Braised Eggplant with Tofu in Garlic Sauce

A Chinese style eggplant, and tofu dish – packed with flavour, it closely resembled an amazing vegan Chinese dish I ate in Los Angeles a while back. I made a few substitutions, but have given you the original ingredients in case you are lucky enough to live near a great Asian market.  Get these ingredients into your pantry – most last forever and make food like this go from meh to magnificent.

4 small asian eggplant, (or 2 medium )cut into chunks
2 tsp rice wine vinegar (original recipe = chinkiang or black vinegar)
¾ cup shaoxing wine (or dry sherry)
1 tbsp cornflour
3 tbsp shoyu or tamari (original recipe soy sauce)
2 tbsp brown sugar
1 tbsp miso (original recipe had fermented broad been chilli paste)
1 tbsp chilli paste (added this with the miso as replacement for bean paste)
1 handful preserved blackbeans (not in original recipe – but I have to use them in something!)
1 tbsp toasted sesame oil
2 tbsp vegetable oil
2 cloves garlic smashed  +4 cloves garlic thinly sliced
2 spring onions, sliced thinly and reserved
2-3 tbsp horseradish paste (original recipe used preserved mustard root)
1 packet firm tofu, frozen then defrosted & squeezed (original recipe called for 1 box silken tofu)
2-3 tbsp fresh coriander, roughly chopped (original recipe said cilantro – but I speak English)

Steam or fry eggplant first, I fried it – heres a hint, if you soak eggplant in water for about 10 minutes then dry it off – it soaks up less oil when frying – cook until tender and set aside. I chopped the tofu up , coated in rice flour and fried off – I had some frozen tofu I wanted to use up – but in hindsight – use the silken, the taste and texture of the tofu I used was good, but only got really great when heated up in leftovers 2 or 3 times (Help! I need someone to eat all this food!) – if you are eating it all immediately definitely go for the silken, I will be next time – if you intend to cook and re-heat – got the frozen firm route.

Make the sauce – combine vinegar, wine, cornflour and stir – add tamari or soy, sugar, miso, chilli paste and sesame oil – set aside. Heat wok and add oil and whole garlic, cook around 5 minutes until golden and smells amazing – discard garlic, and heat oil till smoking, add spring onions, sliced garlic, and horseradish (mustard root). Cook stirring and tossing about 1 minute, stir sauce and add to wok, I now add the handful of dried preserved black beans, the eggplant and tofu and fold gently to combine.

At this point I added chopped broccoli florets because we needed greens – continue to cook, folding and stirring until thick and glossy, maybe 5 minutes more. Stir in spring onions, sprinkle with coriander and serve with white rice or not. Be careful if you use silken tofu – it will fall apart like a mother of three under five with no gin in the house.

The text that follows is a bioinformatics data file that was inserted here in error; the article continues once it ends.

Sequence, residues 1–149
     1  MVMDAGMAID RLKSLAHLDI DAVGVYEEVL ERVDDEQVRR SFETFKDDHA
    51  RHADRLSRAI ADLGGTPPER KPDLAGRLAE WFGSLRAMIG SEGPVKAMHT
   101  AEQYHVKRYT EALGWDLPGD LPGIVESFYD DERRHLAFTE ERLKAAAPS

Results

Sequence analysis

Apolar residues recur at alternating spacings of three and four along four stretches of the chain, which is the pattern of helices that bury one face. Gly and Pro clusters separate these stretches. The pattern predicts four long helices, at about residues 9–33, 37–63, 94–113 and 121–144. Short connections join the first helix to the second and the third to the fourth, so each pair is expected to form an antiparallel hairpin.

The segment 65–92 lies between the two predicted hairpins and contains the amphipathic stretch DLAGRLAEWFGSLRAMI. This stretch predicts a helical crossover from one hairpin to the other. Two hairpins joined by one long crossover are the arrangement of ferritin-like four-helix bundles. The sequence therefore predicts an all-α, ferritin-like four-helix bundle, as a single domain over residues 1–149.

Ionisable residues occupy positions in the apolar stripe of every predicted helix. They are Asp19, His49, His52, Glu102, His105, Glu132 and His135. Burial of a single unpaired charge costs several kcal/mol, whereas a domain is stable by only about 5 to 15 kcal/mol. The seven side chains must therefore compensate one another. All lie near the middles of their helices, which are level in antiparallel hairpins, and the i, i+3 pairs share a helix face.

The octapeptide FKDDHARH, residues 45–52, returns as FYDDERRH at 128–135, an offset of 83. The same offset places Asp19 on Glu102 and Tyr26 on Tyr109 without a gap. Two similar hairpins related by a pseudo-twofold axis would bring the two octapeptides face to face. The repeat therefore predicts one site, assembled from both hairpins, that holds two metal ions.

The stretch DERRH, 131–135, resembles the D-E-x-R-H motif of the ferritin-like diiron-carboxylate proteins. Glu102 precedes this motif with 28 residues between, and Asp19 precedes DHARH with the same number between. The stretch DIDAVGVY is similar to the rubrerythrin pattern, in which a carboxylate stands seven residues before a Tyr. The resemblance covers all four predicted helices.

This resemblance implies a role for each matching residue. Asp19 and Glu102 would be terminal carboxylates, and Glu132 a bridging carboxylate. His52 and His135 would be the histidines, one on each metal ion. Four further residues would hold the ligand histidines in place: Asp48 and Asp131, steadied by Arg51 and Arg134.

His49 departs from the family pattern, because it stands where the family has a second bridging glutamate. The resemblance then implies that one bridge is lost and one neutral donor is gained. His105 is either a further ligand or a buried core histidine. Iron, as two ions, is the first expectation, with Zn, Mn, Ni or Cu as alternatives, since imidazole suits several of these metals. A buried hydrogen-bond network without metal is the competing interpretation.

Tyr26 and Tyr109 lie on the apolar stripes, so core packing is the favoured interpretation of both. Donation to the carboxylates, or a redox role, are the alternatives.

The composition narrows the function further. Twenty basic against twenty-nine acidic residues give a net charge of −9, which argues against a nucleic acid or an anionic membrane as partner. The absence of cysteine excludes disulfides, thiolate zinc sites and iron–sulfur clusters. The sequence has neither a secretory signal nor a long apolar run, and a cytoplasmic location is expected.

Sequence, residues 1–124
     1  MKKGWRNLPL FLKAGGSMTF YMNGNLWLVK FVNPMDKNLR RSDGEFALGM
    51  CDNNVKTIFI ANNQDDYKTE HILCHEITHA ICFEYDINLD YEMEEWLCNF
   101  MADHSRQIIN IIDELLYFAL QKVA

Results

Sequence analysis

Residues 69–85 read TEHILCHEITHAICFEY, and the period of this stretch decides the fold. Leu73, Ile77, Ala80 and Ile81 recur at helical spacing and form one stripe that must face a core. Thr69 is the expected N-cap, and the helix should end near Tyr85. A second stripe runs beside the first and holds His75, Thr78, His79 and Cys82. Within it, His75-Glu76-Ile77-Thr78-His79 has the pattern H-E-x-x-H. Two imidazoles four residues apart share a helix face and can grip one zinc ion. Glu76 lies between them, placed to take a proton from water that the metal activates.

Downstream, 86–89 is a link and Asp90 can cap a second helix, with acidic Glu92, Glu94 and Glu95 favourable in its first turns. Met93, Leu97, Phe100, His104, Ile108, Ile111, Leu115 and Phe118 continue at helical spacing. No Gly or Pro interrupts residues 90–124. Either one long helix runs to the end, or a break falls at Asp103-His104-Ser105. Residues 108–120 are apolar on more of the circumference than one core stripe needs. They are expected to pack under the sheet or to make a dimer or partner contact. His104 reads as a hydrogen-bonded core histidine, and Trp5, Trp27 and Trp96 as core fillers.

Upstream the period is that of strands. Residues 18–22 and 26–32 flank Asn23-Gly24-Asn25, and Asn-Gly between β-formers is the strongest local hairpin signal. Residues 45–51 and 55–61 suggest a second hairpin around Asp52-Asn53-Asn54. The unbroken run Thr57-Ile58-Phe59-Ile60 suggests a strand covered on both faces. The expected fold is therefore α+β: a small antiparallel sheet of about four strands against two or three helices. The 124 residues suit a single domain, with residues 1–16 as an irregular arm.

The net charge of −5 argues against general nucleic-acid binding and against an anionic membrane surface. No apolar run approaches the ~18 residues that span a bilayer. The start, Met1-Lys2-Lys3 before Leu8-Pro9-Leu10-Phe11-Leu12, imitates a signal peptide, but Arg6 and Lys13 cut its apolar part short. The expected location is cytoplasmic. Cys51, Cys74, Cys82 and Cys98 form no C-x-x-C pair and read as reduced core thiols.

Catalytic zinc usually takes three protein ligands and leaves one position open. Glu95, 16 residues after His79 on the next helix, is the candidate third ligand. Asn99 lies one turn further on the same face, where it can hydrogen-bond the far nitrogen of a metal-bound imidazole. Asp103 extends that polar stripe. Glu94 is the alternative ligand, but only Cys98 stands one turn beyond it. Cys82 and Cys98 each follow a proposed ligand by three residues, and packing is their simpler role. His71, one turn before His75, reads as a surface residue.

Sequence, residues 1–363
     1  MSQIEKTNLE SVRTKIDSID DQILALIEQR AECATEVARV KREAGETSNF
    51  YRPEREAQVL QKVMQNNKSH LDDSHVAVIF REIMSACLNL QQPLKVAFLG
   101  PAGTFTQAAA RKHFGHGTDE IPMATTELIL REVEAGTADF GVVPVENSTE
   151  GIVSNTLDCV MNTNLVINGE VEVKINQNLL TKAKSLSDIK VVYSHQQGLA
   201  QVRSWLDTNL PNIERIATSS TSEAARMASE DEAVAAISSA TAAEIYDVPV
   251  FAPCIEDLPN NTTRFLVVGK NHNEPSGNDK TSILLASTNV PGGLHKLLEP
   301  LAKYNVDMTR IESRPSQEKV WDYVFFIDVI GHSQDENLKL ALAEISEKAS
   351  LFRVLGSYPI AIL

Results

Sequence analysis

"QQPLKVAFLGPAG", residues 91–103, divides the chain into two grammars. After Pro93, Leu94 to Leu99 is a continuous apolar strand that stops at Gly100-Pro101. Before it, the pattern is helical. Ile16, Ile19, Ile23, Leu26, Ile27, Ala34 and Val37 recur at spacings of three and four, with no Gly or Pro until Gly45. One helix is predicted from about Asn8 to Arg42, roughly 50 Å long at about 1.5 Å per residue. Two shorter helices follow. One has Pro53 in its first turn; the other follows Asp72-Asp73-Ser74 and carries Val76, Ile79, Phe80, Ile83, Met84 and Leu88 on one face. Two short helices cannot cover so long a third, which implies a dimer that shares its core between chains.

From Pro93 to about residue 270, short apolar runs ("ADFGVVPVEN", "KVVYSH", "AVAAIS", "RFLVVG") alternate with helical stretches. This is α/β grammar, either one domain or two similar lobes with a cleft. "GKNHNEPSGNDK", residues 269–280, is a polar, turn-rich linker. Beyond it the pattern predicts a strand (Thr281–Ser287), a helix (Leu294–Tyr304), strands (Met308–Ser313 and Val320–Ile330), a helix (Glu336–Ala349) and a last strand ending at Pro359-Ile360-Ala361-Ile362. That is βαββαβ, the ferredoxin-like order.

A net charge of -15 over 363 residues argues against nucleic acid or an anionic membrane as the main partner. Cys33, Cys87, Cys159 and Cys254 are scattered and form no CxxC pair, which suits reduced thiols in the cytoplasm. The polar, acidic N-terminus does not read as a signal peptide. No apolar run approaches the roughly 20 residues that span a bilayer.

I also made a mayonnaise with a roasted eggplant base – perfect for them vego types (no eggs) and again packed with creamy meaty capable (can I say George Clooney twice? yes I can) texture and garlicky flavour. Without any further ado – here is the recipe and some pictures.

Eggplant Mayo

2 small or ½ large eggplants, cut in half and brushed with oil, wrap in tinfoil
1 cup grapeseed oil (original recipe called for canola)
1 clove garlic, grated
2 tsp lemon juice
2 tsp Dijon or wholegrain mustard

Preheat oven to 200degC – place wrapped eggplants on tray and roast about 1 hour, cool. Scrape flesh from skin, discard skin. If you have a stick blender, use the cup and blend flesh with garlic, lemon juice and mustard. Carefully pour oil into cup, do not disturb! Put stick blender into bottom of cup and turn on – slowly pulling the stick up to point where the eggplant meets the oil. If you don’t have a stick blender make mayonnaise in your favourite drip by drip fashion. This forms a thick creamy emulsion – otherwise known as mayonnaise. Season judiciously, with seasalt and freshly ground black pepper – the lemon juice & mustard are negotiable also – taste taste taste. The original recipe was part of a roasted vegetable and mayo sandwich, but you can use it any which way but loose.

And as a parting gift – I wonder if by any chance they are related?

bon apetit!

From → Recipes

  1. Merrin Ruck permalink

    great pics Sis! I am hungry now! I want to try the Eggplant Mayo – but all my Mayo’s split and I have throwing good ingredients away argghhh!

  2. lynley ruck permalink

    Ahhh – the answer dear sister lies in the stick blender – I was the same, hated making mayo – bought Heinz seriously good mayo – but never again! – the stick blender makes everything ok again – everything!! You can even put your stick blender in first, then other ingredients in and then carefully pour ALL the oil on top AT ONCE – no more drippy drippy – then turn the stick blender on and slowly bring it upwards – it slowly emulsifies and incorporates the oil for you! worth one more try!